"We recruited him heavily. It came down towards the end of recruiting. We had to make some decisions on running backs. He had a very good relationship with the position coach at Colorado and then made a decision to go there. It just was right at the end of recruiting, we certainly would have loved to sign him. But made that decision. He's going to come on teleconference, I'll allow him to tell you why he decided to make that decision to come back. But I think just some of the issues that happened out there probably made it a little easier for him to make that decision."
Would you say that his quickness is his best attribute right now?
"He runs on our track team. He has sprinter's speed. But he can make you miss. And the thing that I was impressed with Saturday — we didn't scrimmage him much during camp — is just the way he finished runs. After contact, always moving forward, always getting a spin to pick up a few extra yards. I think he had over 100 yards after contact. So that tells you something about his day."
Ron Zook was quoted after Illinois' game on Saturday that believing is half the battle….. how did you get your guys to believe maybe even before you started winning (at Wisconsin)?
"I absolutely agree with what Ron said. I think that's, I talk about that all the time. We talk about where we came from. Our '92 season, even though we were a very young team, played a number of sophomores, those kids ended up going on winning a Rose Bowl for us.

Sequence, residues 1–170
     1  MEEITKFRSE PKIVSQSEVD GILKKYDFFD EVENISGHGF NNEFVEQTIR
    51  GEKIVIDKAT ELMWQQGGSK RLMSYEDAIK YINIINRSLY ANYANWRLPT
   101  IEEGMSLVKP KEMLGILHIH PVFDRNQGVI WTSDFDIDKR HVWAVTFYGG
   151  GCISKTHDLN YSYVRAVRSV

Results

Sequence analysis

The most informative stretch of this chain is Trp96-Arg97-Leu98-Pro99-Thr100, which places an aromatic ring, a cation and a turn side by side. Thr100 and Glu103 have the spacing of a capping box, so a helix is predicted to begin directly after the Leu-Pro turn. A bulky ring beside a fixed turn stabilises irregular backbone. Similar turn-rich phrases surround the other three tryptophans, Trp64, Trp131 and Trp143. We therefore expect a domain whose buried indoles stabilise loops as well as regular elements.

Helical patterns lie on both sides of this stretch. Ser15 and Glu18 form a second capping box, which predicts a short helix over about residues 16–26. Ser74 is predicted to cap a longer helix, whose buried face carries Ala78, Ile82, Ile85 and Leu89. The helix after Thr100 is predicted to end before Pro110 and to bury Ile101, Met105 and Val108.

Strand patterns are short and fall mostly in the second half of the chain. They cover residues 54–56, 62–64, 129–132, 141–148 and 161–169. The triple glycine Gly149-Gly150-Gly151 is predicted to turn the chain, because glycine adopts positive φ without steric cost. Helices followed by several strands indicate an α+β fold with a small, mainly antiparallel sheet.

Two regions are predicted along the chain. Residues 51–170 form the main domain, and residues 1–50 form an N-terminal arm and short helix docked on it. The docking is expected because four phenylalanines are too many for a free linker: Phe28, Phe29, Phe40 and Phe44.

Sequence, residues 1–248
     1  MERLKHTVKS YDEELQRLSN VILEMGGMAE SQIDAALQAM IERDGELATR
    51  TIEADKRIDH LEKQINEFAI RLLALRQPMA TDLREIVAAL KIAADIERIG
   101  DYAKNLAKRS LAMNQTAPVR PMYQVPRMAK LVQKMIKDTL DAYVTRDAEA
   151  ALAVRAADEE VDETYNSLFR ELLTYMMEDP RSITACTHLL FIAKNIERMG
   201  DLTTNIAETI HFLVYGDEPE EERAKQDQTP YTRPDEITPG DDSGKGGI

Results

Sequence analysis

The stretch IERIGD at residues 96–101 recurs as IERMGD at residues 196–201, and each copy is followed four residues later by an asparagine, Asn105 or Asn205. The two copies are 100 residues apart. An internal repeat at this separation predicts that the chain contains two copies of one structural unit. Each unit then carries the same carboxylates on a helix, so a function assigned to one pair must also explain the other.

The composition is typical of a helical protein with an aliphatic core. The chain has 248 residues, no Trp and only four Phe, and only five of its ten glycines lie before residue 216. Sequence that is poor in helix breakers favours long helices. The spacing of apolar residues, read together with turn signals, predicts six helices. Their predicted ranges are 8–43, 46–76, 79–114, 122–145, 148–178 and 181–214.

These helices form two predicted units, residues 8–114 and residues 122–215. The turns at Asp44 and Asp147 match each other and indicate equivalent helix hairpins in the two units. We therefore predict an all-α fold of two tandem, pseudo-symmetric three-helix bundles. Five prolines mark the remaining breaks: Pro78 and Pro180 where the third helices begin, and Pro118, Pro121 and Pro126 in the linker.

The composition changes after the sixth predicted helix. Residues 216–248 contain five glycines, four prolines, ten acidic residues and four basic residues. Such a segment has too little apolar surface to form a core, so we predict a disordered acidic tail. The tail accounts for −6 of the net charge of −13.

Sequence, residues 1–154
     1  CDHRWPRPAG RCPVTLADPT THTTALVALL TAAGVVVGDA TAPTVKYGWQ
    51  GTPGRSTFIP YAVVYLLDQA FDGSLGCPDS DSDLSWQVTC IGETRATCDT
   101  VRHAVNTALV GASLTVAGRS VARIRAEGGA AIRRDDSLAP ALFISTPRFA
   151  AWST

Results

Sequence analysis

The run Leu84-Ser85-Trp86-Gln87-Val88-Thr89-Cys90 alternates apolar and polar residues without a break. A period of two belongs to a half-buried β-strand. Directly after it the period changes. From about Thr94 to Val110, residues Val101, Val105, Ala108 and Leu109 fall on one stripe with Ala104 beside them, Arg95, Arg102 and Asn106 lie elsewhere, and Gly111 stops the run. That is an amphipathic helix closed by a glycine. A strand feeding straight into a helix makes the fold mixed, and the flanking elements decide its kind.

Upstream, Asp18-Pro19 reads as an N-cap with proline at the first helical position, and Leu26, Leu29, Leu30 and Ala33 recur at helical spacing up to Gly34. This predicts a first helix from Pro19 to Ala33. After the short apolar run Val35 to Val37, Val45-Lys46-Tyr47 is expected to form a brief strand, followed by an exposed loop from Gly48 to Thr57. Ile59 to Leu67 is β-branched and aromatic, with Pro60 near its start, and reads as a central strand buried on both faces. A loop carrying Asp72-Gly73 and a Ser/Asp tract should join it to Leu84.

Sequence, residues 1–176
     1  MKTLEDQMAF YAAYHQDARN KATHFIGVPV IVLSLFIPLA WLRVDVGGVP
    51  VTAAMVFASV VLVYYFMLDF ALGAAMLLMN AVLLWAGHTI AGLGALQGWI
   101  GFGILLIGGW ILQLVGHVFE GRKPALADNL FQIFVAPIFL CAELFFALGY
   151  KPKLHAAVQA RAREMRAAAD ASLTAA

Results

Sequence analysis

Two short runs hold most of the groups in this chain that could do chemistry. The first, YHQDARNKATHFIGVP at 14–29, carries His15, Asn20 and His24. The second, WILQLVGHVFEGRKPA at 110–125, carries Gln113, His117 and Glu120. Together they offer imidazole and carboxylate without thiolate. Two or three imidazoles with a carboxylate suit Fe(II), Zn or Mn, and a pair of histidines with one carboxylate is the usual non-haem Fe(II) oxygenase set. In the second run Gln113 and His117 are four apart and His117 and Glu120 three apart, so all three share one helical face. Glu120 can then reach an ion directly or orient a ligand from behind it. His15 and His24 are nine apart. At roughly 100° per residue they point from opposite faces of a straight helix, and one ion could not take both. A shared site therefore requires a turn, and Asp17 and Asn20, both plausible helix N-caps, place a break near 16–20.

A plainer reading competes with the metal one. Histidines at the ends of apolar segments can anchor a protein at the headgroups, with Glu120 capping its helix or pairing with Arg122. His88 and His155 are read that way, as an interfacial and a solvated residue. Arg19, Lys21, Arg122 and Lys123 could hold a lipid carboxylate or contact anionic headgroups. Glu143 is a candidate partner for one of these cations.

"We had a good enough team that year, probably lost four or five games right at the buzzer. I just felt, if we really believed, if the kids had had experience in winning, that we would have won the majority, and should have won the majority of those games. It was just a matter of somebody, someone along the line stepping up and making a play or someone not believing that something positive is going to happen.
"The tide turned for us… the following year, we were a pretty good squad, a veteran squad. At one point I remember one of our captains stepping up, I think we were 6-0 and somebody had the audacity to think that we could possibly go to the Rose Bowl and win the championship. Our captain jumped up and said, ‘Why not us?'
"I think it caught a lot of our players' attention. They kind of took that as a theme and a mantra for the rest of the year. And that would be our first Rose Bowl year."
Do you remember who the captain was?
…. What's making offenses put up those big numbers?...
"I think… the teams that are putting up prolific numbers are executing well. You see a lot of different schemes. We probably did it a little differently than most of the teams putting up big numbers. You see so many teams now with spread offenses, four and five wides, no huddle and that type thing, where they try to isolate, get mismatches and try to make linebackers and people play in space more, make you defend the entire field. That's one way to do it.
"The bottom line is just executing your offense well. Whatever it might be."
How much do you do at the line of scrimmage, does your quarterback do in terms of adjustments… and play calling right then.
"We have the option to change the play at a line of scrimmage. We'll have a kill call if we see that there are specific things that we are looking for, or that we don't want to see, where we are going to run a play into a defense that because of the way they are aligned or the way they've rolled their secondary, would be a bad percentage for us, that we can get out of it at the line of scrimmage, change the play."